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February

From soup to tomatoes (and back again)

Using satellite meteorology to determine the deterioration in tomato quality during transport

Tomato road transport obstacles
Fig. 1. Road-transport obstacles to regional trade in four (4) West African countries (modified after USAID (2008)). Click here to enlarge

To determine the deterioration in tomato quality during low-cost tomato transport in West Africa, spatial agro ecologists from the Faculty of Geo-Information Science and Earth Observation (ITC) of the University of Twente present a spatial–temporal simulation model in a recent paper that links the prevailing outside weather conditions, estimated using satellite meteorology, to the microclimate observed inside truck trailers (crypto climate).

Unfit for human consumption
Transporters are key players in the West African trade of tomatoes, valued at 60 million USD/year of trade between Burkina Faso and Ghana alone, and quality-related marginal differences are essential to keeping these imports attractive. But this potentially viable horticultural value chain is in jeopardy. Not only price fluctuations but also postharvest losses leave traders with uncertain returns, and sometimes even losses. Several studies estimate that postharvest losses in West Africa may be anywhere from 20% up to 50%; sometimes half of vegetable produce is unfit for human consumption once it arrives at the market. Sadly, these postharvest losses tend to be highest in countries with the greatest food shortages. These losses are further aggravated by delays at border crossings, (illegal) toll stops, police controls, or poor road and truck conditions. Fig. 1 shows road obstacles and their impact charted for several West African countries.

Reduce postharvest losses
“The spatial-temporal simulation model we present in this paper, say the authors, “will help planners to simulate the cost–benefit of various measures to reduce postharvest losses ahead of implementation, e.g. by semi-controlling cargo conditions (e.g. pre-cooling treatment), different transport scheduling, or what net gains can be expected if delays along the transportation route are reduced.” Supercomputing facilities at ITC and open source geospatial software were modified for the purpose, producing regional maps of environmental conditions (see example in Fig. 2) known to reinforce or reduce postharvest losses, uniquely for each GPS locations visited by the trucks transporting the produce.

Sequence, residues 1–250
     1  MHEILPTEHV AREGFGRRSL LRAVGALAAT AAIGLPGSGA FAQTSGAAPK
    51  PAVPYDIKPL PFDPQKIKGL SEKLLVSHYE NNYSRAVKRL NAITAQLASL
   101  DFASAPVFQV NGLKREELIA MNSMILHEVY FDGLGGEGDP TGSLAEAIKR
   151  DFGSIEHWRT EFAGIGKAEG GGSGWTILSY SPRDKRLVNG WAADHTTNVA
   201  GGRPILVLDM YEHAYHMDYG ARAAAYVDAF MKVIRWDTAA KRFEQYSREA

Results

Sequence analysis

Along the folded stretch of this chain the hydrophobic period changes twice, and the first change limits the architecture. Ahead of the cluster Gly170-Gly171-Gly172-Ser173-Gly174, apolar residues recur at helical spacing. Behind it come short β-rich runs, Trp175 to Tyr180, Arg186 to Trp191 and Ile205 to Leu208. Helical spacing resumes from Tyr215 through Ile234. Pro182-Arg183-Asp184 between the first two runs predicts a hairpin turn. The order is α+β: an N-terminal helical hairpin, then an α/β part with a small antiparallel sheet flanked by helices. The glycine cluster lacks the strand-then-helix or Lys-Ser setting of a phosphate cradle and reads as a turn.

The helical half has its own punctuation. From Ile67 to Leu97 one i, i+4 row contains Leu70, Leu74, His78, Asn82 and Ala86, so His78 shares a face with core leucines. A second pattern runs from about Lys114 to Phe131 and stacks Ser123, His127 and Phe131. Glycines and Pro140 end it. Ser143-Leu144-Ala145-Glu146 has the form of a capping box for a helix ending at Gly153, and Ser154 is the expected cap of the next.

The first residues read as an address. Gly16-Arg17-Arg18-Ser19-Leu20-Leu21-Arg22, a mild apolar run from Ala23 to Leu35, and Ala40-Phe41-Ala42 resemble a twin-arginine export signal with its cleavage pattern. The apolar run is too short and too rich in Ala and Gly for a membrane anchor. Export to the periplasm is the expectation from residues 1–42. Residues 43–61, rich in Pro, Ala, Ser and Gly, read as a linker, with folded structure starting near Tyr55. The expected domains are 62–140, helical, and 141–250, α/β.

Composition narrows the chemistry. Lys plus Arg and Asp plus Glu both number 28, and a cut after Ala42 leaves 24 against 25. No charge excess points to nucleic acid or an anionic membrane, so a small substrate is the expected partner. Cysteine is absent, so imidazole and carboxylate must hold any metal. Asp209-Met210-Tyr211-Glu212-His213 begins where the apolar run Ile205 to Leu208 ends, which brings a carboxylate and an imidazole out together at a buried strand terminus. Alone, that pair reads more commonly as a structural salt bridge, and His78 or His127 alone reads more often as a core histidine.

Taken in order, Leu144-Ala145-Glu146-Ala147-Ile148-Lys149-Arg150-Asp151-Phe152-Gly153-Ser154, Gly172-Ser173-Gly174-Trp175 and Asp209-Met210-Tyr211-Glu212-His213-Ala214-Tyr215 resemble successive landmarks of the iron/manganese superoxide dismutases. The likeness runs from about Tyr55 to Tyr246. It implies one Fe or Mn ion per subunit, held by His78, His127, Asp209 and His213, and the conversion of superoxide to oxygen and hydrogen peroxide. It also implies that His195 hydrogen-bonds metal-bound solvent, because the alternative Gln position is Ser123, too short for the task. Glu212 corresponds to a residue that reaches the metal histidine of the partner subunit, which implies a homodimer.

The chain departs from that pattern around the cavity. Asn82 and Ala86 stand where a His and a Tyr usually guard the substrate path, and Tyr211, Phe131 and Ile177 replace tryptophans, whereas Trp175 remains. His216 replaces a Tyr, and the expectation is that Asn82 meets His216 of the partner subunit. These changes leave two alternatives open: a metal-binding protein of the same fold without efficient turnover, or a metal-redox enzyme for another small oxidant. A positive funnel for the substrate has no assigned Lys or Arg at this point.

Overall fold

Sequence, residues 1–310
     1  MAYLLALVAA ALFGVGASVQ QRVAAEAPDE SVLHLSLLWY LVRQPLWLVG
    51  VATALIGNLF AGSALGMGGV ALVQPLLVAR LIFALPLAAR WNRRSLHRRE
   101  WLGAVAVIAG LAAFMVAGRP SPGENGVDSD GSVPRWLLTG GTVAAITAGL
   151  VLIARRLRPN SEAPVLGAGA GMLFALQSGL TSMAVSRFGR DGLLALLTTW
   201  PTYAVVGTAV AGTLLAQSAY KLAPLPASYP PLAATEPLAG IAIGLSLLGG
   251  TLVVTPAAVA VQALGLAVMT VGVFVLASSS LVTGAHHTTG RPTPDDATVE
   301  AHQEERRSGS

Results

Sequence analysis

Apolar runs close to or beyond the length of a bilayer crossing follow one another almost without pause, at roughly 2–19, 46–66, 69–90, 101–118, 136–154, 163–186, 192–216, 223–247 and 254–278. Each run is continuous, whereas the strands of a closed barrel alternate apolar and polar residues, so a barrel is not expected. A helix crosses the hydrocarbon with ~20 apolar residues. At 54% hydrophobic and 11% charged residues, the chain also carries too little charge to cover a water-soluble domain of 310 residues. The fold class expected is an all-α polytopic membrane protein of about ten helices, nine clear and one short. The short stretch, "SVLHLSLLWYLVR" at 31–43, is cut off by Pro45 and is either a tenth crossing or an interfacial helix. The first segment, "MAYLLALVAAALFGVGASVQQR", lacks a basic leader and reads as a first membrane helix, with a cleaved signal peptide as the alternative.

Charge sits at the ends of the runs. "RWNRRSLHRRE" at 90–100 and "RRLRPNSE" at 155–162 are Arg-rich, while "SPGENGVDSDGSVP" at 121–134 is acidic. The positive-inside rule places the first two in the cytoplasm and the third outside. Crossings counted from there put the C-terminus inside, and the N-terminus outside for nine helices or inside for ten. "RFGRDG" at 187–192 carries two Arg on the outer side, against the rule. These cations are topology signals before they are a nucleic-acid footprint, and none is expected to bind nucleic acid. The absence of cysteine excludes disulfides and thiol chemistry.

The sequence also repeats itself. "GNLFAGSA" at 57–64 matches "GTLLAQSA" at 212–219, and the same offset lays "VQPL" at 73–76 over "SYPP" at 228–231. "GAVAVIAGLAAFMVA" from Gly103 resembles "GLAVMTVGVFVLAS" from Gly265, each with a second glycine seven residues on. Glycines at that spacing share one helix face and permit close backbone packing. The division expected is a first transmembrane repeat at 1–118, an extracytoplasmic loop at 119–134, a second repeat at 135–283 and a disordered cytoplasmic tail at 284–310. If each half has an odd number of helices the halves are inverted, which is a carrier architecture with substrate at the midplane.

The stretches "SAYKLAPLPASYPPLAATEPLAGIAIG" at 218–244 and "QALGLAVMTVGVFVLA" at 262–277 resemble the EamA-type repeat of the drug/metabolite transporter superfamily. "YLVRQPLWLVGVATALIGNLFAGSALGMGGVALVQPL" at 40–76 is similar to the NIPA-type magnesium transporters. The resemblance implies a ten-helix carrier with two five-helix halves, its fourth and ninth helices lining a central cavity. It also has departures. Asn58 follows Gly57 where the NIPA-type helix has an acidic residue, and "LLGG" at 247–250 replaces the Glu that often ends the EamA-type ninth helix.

Fig. 2. Example of observed crypto temperatures (Tincargo, °C) during a forward trip from Ghana to Burkina Faso showing a peak (±38 °C) at the border crossing. Click here to enlarge

Reduce total transport time
“Simulation results suggest that losses in tomato firmness could be reduced to 27% if the total transport is reduced from 43 to 24 h, and could be as low as 15% if the produce arrives at the destination points 12 h after harvest. This, however, may not be achieved in the short-term given the lack of cross-border trade policies regulating the sector”, says Valentijn Venus, researcher at the department of Natural Resources and lead author on the study. “The key to effectively identifying where cross-border trade regulation efforts are most likely to have an impact is finding areas where high marketing margin and high postharvest losses intersect”. Using a wide array of publicly available data (including road conditions and satellite observations), a branch of mathematics known as Generalized Estimating Equations (GEEs) insensitive to spatial and temporal autocorrelation, and kinetic tomato physiology and vegetable-environment interactions, the researchers arrived at estimated postharvest losses.

Packaging, handling, and cooling
When compared to actual losses, the tomato firmness model explained 77% of the variance observed during transports. “In the short-term, what is controllable is that the rough handling of the produce should be minimized by educating key players on appropriate packaging, packing and handling techniques, etc. Another direction to reduce postharvest losses could be through pre-cooling treatment of the produce through the use of Modified Atmosphere Packaging (MAP) or by semi-controlling the crypto climate of the cargo, particularly around midday (before and after solar noon) when quality attributes deteriorate quickest, using low-cost techniques such as hydro cooling.”

Soup or tomatoes?
The authors hope the study will help ignite new programs that aim to stimulate this potentially viable horticultural value chain by reducing losses that occur as produce is transported or by encouraging the production and marketing of processed agricultural products (soups, purée, etc.).

Study highlights
We simulate postharvest losses in tomatoes, as they are transported between two West African countries. ► Conditions in trucks were linked to ¼ hourly geo-stationary satellite observations (MSG/SEVIRI). ► Results indicate we can accurately model the crypto climate conditions of the cargo; Tincargo r2 = 0.77 RMSE = 4.18 °C, RHincargo r2 = 0.84 RMSE = 19.59%, LIincargo r2 = 0.9 RMSE = 137.31 Lux. ► The tomato firmness model explained 77% of the variance observed during transports (r2 = 0.92 climate chamber).


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